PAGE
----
In other words, not even China is immune from a financial crisis, even though the banking system is an arm of the Communist state. My own assumption has always been that China’s denouement would be a slide in stagnation, a slow virus à la Japonaise. This may be too sanguine.
Debt in China is still growing faster than the economy. The government has had its foot on the pedal since last July, rattled by the unexpected recession of early 2015 (which it never admitted). This reached a crescendo with a 23% rise in lending to a record $650 billion in January and February. The Communist Party has been reaching for the bottle again.
The total debt ratio has jumped by 10 percentage points of GDP in the last year to 260%. Most new credit is rolling over old debt, and the rest is subject to steeply diminishing returns as the economy nears debt exhaustion.
Fitch Ratings says the efficiency of credit – the extra yuan of GDP growth generated by each extra yuan of debt – has collapsed by two-thirds to a ratio of 0.2 since the lending spree began in 2009. The risks are rising exponentially for little gain. Beijing is buying time in a Faustian Pact that grows more dangerous every month.
President Xi Jinping vowed a “masterplan” of sweeping reforms at the Third Plenum in November 2013, unveiling a raft of measures to break the suffocating grip of the giant state-owned firms (SOEs).
He pledged to end the tangle of price controls, establish an independent judiciary, and pave the way towards a free market economy where the state no longer meddles in the allocation of resources.
This never happened. Instead the state authorities – in their infinite wisdom – deliberately inflated a stock bubble with margin debt. When it collapsed, they panicked, forcing companies and brokers to buy shares to prop up the market.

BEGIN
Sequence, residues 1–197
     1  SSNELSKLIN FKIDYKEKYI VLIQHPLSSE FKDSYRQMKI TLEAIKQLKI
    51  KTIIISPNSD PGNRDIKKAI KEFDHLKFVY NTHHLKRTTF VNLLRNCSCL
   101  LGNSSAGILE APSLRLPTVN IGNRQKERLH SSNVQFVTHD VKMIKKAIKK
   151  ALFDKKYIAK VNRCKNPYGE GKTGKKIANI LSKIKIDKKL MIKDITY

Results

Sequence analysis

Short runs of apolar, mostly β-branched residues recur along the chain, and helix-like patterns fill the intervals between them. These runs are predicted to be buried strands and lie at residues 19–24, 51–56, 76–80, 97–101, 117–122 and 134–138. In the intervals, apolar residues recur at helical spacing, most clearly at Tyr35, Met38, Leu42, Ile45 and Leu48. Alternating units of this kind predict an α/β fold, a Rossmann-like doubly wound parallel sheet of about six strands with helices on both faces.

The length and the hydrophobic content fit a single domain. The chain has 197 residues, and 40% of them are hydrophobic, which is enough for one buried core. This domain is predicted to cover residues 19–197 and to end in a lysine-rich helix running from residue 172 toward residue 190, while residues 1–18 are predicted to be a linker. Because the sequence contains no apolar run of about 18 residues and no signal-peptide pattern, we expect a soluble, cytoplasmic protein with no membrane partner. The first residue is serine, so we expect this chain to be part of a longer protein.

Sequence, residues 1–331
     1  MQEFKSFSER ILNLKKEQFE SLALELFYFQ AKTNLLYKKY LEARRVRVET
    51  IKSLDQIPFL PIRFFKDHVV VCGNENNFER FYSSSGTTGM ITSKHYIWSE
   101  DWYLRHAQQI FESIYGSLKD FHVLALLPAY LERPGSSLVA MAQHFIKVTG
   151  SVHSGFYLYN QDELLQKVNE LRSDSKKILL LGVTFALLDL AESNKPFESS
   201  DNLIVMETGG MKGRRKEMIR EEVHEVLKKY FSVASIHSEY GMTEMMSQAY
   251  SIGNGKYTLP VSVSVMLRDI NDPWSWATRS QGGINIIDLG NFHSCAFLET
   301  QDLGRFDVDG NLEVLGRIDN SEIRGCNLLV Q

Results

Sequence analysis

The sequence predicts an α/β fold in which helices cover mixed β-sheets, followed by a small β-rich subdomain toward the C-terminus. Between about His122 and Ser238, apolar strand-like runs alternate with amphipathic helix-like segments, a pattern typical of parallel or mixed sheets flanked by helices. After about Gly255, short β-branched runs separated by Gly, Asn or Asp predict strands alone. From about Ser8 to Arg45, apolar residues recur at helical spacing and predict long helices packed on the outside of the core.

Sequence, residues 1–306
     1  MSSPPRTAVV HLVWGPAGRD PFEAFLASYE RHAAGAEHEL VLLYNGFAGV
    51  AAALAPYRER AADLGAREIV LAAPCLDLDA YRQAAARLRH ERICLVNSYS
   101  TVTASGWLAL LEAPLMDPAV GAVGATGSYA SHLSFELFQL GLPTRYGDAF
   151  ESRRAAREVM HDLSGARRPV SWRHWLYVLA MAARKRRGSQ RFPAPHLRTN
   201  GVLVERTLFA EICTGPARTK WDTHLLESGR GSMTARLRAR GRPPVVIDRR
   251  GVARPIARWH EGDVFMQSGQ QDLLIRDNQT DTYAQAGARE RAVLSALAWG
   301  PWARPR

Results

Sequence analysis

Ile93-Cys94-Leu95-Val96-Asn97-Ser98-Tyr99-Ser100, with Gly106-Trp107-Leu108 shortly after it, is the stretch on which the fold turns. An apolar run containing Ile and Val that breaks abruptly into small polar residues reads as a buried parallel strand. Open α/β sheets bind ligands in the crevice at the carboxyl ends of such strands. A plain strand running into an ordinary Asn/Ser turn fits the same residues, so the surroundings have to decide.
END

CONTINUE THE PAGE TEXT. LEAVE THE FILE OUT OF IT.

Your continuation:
The obsolete SOE’s are still gobbling up most credit while leaner private companies beg for crumbs. Party bosses are not willing to give up their SOE patronage machine, the tool of silent control.
It was always wishful thinking to suppose that Xi Jinping could deliver a “free-market with Chinese characteristics” while maintaining the tight grip of Leninist party control over politics.
The China Development Research Council – brain trust of the reformers – warned that this was impossible, telling him that the shift up development ladder to high-tech growth requires an open, free-thinking society, and an end to top-down rule. Xi had to choose between the two: he has picked Leninism.
Andrew Colquhoun from Fitch says the state firms are tightening their hold over strategic industries and “backbone” sectors. “We believe that ‘market forces’ will play much less of a role than commentators have speculated, and that mass privatization is not likely,” he said.
We are at an odd juncture. For months the narrative of erratic manic-depressive markets was that China faced meltdown, when in fact the worst of the last cycle was already over. Now the story is inverting again. Headlines are playing up a recovery that is patently unsustainable, driven by a sugar rush that must surely fade within a few months .
When that happens we will find out whether capital outflows from China are really under control. The IMF warns that the M2 money supply is an eye-watering 200% of GDP, or over $22 trillion (144,620 trillion CNY/6.47 to US$; China’s GDP is $10.35 trillion).
If confidence buckles again, outflows of just a fraction of this money could easily swamp the reserve buffers and force a devaluation of such magnitude that it would break the back of the global trading system.
My fear is that China’s latest stop-go cycle will roll over just as inflation rears its ugly head in the US and the Federal Reserve starts to tighten in earnest. That would be frightening. Storm protection for 2017 might be a wise precaution.
— Ambrose Evans-Pritchard is the International Business Editor of the London Telegraph. This article originally appeared at To The Point News.